Sunday 31.05.2020

Nutrition, chronic illnesses and Covid-19, a vegan glimpse

Some doctors claim a plant-based diet can reduce risks of developing severe coronavirus.
Nutrition, chronic illnesses and Covid-19, a vegan glimpse

A growing body of evidence is linking consumption of animal products to the increased risk for developing chronic health problems like obesity and heart disease.

Those same conditions are the most important predictors for developing severe Covid-19.

An increasing number of doctors advocate adopting a plant-based diet, claiming that it can prevent and even reverse chronic diseases. But does it work against corona? 

Coronavirus is dangerous for people who present inappropriate immune responses to the virus infection, like the individuals whose immunity is already compromised due to some chronic illness, the highest risk being heart disease.

The preliminary research results from the US and France, however, point to obesity, especially in patients under the age of 60, as the most significant risk factor for being hospitalized with severe Covid-19, second only to old age.

This has not yet been scientifically explained, but obesity is known to correspond with the chronic low-level inflammation, which is in turn related to more severe reactions to viral infections.

This is worrisome, given the alarming prevalence of obesity and high blood cholesterol in Finns.

THL blames lifestyle

Finnish Institute for Health and Welfare (THL) reports that “among over 30-year-old Finns (of the working-age), only one in four are of normal weight”, while “55% of Finns have high cholesterol, which is one of the biggest risk factors for developing heart disease."

THL links this with eating too much “hard fats” and proposes that “effective prevention of heart disease requires changes in the diet at the population level”.

The cause of the increased level of cholesterol in the blood is dietary cholesterol; the only foods that contain cholesterol are meat, eggs, dairy and junk with trans fats.

Risk of chronic diseases

In the article “Eating For the Environment” by the Physicians Committee for Responsible Medicine (PCRM), for example, “dairy has been linked to early death and increased risk of ovarian, lung, breast, and other cancers”, while “eliminating red and processed meat from the diet can lead to a reduced risk for heart disease, diabetes, and colorectal cancer”. 

Physicians and nutritionists who are driving a plant-based movement for healthy eating, claim that adopting the so-called “whole-food plant-based” diet has a proven potential to reverse diseases. 

Dr Caldwell B. Esselstyn and Dr Dean Ornish (among others) are reporting reversing heart diseases, Dr Kate Marsh and Dr Neal Bernard, successfully reversing diabetes in their patients.

According to Dr Bernard, MD, FACC, Professor at the George Washington University and President of the PCRM, there is a proof that a whole food plant-based diet reverses erectile dysfunction which also corresponds with the risk of stroke and sudden heart failure.

They propose eating only unprocessed plant foods, raw and cooked, paying attention to the intake of the important nutrients and their balances, and completely eliminating all animal products and processed foods, including sugar, oil and salt.

Dr Esselstyn, director of Cardiovascular Disease Prevention and Reverse program at Cleveland Clinic Wellness Institute, additionally advises patients with heart disease against foods that contain too much saturated fat like avocado, nuts, peanut butter or cashew sauce and particularly against drinking coffee with caffeine.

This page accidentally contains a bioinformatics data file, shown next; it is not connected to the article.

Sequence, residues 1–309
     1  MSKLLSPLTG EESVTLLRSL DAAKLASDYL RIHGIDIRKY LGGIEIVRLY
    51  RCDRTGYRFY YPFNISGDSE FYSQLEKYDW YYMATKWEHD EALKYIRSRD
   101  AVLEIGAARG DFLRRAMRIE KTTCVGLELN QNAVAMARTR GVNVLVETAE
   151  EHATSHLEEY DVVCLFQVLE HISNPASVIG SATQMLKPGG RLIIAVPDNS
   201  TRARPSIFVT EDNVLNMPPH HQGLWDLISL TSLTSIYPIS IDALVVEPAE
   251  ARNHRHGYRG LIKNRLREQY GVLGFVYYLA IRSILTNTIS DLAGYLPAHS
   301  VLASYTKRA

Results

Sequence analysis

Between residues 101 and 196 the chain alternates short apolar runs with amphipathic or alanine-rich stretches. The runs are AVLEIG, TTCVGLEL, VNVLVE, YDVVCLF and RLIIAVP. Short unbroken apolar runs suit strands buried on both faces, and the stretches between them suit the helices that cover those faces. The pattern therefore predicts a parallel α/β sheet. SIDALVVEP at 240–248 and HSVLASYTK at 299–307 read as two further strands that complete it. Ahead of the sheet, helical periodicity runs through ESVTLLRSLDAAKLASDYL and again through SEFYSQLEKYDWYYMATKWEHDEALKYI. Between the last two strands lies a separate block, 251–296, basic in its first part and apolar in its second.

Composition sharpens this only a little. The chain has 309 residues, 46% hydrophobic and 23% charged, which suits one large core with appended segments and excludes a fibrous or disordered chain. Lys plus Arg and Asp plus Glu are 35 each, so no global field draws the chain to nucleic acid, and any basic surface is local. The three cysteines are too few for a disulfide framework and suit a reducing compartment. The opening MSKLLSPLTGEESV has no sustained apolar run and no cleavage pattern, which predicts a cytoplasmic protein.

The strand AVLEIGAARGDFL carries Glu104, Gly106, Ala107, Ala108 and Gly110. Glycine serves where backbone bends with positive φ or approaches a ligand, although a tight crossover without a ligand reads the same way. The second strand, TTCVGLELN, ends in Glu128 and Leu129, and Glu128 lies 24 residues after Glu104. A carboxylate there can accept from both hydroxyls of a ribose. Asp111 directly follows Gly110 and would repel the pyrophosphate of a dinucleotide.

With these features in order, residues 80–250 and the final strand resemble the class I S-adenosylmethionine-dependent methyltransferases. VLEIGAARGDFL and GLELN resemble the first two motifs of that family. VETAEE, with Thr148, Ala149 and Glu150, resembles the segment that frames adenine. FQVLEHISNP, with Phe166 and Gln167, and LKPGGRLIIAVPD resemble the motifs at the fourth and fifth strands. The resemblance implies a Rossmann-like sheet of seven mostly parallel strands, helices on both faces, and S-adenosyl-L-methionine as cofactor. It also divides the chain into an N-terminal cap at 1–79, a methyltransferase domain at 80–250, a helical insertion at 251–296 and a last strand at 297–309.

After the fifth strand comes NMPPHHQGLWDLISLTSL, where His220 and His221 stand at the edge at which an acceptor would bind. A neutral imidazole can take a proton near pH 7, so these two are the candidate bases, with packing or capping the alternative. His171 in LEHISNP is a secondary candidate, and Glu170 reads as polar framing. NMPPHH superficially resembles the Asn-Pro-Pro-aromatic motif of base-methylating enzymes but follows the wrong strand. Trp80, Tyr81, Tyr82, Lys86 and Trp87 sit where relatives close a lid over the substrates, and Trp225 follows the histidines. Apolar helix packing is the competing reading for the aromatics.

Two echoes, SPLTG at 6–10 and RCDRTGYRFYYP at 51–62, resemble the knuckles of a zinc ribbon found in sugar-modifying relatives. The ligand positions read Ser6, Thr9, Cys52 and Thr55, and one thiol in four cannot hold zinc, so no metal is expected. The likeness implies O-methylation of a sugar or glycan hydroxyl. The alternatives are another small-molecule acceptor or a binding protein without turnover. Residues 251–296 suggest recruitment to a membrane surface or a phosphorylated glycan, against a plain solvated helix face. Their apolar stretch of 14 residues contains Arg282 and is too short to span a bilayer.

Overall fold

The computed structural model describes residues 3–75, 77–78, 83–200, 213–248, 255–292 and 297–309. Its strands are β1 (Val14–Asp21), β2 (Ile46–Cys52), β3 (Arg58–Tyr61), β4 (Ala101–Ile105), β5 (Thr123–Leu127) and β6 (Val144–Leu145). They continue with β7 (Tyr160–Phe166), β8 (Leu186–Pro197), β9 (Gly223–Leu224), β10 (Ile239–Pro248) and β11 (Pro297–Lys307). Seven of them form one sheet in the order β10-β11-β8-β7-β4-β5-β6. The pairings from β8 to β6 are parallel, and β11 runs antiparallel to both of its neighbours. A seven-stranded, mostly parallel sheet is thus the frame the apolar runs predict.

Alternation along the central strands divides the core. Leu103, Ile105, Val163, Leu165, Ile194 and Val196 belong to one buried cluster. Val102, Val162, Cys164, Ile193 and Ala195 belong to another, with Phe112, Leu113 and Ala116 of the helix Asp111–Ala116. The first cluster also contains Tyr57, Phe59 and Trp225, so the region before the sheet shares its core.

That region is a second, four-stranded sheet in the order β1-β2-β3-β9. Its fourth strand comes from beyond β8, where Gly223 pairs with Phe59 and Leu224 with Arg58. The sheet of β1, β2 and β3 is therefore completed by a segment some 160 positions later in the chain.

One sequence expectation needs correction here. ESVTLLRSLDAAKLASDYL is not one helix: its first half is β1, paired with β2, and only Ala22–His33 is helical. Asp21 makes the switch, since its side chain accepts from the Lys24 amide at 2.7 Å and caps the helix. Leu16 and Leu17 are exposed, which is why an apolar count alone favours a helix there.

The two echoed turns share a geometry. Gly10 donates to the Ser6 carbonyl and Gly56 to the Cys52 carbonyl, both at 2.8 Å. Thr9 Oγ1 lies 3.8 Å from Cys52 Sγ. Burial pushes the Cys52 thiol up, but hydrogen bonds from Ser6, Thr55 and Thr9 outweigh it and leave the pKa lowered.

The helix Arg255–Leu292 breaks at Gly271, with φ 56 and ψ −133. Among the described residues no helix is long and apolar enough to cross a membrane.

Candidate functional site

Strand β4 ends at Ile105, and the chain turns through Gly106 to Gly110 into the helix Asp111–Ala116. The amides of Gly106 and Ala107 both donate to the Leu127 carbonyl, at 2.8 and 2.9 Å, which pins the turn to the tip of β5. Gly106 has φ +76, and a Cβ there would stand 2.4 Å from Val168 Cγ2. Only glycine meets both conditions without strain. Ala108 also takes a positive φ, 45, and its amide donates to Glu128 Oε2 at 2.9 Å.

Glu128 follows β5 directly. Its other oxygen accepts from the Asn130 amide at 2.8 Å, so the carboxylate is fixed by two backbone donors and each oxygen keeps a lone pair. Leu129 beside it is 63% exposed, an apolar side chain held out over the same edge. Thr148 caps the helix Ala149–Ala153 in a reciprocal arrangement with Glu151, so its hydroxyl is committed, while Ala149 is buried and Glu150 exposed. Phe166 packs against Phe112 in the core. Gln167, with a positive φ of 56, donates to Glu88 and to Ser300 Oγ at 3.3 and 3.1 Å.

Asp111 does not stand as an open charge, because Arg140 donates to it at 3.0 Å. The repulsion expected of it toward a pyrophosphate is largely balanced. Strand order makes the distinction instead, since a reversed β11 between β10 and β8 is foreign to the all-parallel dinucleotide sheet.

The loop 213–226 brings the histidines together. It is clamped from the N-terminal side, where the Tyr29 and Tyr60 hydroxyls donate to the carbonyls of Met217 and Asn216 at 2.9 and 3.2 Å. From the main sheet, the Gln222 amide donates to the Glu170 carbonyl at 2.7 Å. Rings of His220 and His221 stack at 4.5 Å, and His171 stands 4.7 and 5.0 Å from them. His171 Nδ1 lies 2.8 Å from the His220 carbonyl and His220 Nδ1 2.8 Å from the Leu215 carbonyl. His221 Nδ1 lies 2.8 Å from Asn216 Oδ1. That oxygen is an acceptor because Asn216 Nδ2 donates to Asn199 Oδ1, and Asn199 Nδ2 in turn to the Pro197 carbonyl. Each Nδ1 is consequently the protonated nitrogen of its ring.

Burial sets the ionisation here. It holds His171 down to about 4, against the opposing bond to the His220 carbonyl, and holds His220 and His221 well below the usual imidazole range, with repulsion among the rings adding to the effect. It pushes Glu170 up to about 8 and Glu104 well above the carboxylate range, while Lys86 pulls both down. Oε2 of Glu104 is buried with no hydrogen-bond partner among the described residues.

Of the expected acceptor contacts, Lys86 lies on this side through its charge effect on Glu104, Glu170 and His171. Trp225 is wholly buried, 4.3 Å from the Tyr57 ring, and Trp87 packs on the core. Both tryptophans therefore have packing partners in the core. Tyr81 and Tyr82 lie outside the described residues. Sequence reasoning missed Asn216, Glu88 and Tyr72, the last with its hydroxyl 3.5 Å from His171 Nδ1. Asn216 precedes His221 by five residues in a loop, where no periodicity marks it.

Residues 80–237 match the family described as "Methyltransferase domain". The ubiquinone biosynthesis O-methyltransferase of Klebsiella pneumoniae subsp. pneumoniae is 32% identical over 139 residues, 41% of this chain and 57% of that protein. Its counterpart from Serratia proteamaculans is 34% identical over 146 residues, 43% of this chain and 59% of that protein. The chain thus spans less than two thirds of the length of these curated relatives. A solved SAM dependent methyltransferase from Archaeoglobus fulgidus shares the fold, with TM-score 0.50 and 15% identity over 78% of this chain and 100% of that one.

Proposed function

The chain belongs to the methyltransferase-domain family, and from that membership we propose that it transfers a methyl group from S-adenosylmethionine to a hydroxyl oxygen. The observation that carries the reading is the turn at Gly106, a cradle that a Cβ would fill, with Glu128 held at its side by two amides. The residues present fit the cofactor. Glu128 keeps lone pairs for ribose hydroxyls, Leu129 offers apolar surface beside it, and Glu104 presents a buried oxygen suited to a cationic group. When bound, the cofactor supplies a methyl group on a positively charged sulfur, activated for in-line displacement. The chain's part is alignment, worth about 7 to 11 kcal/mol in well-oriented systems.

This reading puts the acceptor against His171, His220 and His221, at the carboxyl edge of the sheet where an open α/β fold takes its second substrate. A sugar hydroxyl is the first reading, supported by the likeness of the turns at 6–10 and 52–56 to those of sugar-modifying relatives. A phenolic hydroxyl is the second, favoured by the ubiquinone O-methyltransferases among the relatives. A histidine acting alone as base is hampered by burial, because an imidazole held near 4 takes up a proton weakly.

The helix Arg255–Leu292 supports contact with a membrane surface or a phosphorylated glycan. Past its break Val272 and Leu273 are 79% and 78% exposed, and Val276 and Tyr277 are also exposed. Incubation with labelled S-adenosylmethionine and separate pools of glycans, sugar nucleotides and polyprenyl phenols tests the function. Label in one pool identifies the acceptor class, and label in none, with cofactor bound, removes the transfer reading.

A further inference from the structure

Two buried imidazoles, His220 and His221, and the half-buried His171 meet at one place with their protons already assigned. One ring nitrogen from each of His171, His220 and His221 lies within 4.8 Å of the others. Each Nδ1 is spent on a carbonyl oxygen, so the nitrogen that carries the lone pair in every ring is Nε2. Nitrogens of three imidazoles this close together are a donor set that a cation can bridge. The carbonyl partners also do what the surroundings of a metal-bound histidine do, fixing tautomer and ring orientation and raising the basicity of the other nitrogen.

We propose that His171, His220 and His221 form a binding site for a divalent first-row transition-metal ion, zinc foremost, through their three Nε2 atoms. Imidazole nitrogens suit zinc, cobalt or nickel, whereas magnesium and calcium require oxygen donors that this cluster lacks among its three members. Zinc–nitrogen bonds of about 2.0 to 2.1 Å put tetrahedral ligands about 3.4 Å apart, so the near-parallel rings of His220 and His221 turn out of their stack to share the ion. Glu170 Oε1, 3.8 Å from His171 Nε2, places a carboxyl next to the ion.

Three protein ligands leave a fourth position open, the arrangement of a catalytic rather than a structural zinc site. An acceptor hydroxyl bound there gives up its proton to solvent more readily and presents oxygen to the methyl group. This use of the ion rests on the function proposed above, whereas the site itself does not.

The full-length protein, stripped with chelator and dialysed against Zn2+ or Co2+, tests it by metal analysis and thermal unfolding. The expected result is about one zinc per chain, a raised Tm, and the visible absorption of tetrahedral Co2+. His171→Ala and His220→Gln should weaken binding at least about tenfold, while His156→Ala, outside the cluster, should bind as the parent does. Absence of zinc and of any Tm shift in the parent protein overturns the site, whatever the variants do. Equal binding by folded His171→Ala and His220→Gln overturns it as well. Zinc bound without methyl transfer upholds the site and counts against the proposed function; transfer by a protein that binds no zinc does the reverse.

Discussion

Science-based nutrition is a website developed by Dr Michael Greger, American physician and author of the bestseller “How Not to Die”. 

He reads all studies published in medical journals in the English language related to health and nutrition and interprets their findings in a popular form.

He created a comprehensive set of guidelines for a science-based diet called “Daily dozen” - 10 groups of foods everyone should eat every single day, plus beverages and exercise.

Foods on the list are beans, berries, other fruits, cruciferous vegetables, greens, other vegetables, flaxseeds, nuts & seeds, whole grains, and herbs & spices. Eating the recommended number of servings of each of them should ensure the proper intake of all nutrients. 

Recently, Nutrition facts launched a Daily dozen App with a check-list where one can follow their own score throughout the day and over a period of time.

Food plant-based diet and Covid-19

According to Dr Greger, who has been very active in discussing pandemic and publishing his findings, the anti-inflammatory diet reduces the symptoms in respiratory infections.

Foods shown to reduce inflammation are fibers, colorful fruits, nuts and seeds, and particularly, according to Dr Greger, white mushrooms, wakame seaweed, flaxseeds, coloured and cruciferous vegetables, garlic, green tea, nutritional yeast (though nutritional yeast should be avoided in some chronic conditions) and fresh ginger.

In April, Dr Greger held a webinar “How Not to Die in a Pandemic”. The second part is scheduled for May 27th. He also prepares a book “How to Survive a Pandemic” and audio and e-book versions are expected by the end of May.

The studies and statistics about the dietary preferences of Covid-19 patients are yet to come but Dr Kim Williams, Chief of the Division of Cardiology at Rush University, who actually works with coronavirus patients in the hospital, said in an interview given to Chef AJ, that “there is actually good medical evidence that viral illnesses are less severe if you have lower levels of inflammation and higher levels of interferon, which is typically what happens when you have good, vitamin and mineral plant-based diet”.